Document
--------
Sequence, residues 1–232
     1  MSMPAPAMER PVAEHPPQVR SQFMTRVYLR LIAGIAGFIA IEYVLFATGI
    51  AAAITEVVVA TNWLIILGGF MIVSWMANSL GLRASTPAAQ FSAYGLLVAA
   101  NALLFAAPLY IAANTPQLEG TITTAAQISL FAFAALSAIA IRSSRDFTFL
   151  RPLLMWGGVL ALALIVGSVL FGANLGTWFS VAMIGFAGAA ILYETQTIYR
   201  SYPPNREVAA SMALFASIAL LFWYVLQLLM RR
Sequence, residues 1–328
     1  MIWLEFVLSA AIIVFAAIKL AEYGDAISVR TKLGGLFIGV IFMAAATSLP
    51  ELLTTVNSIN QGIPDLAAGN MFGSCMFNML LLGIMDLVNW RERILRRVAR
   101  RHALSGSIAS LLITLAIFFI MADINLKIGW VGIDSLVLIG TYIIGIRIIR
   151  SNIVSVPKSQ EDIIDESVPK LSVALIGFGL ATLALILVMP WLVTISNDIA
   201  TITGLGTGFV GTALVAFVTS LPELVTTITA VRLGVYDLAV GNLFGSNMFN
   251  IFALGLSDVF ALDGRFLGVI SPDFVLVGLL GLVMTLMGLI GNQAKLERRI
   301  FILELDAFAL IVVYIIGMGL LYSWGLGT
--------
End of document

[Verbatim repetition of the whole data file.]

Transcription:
Sequence, residues 1–232
     1  MSMPAPAMER PVAEHPPQVR SQFMTRVYLR LIAGIAGFIA IEYVLFATGI
    51  AAAITEVVVA TNWLIILGGF MIVSWMANSL GLRASTPAAQ FSAYGLLVAA
   101  NALLFAAPLY IAANTPQLEG TITTAAQISL FAFAALSAIA IRSSRDFTFL
   151  RPLLMWGGVL ALALIVGSVL FGANLGTWFS VAMIGFAGAA ILYETQTIYR
   201  SYPPNREVAA SMALFASIAL LFWYVLQLLM RR
Sequence, residues 1–328
     1  MIWLEFVLSA AIIVFAAIKL AEYGDAISVR TKLGGLFIGV IFMAAATSLP
    51  ELLTTVNSIN QGIPDLAAGN MFGSCMFNML LLGIMDLVNW RERILRRVAR
   101  RHALSGSIAS LLITLAIFFI MADINLKIGW VGIDSLVLIG TYIIGIRIIR
   151  SNIVSVPKSQ EDIIDESVPK LSVALIGFGL ATLALILVMP WLVTISNDIA
   201  TITGLGTGFV GTALVAFVTS LPELVTTITA VRLGVYDLAV GNLFGSNMFN
   251  IFALGLSDVF ALDGRFLGVI SPDFVLVGLL GLVMTLMGLI GNQAKLERRI
   301  FILELDAFAL IVVYIIGMGL LYSWGLGT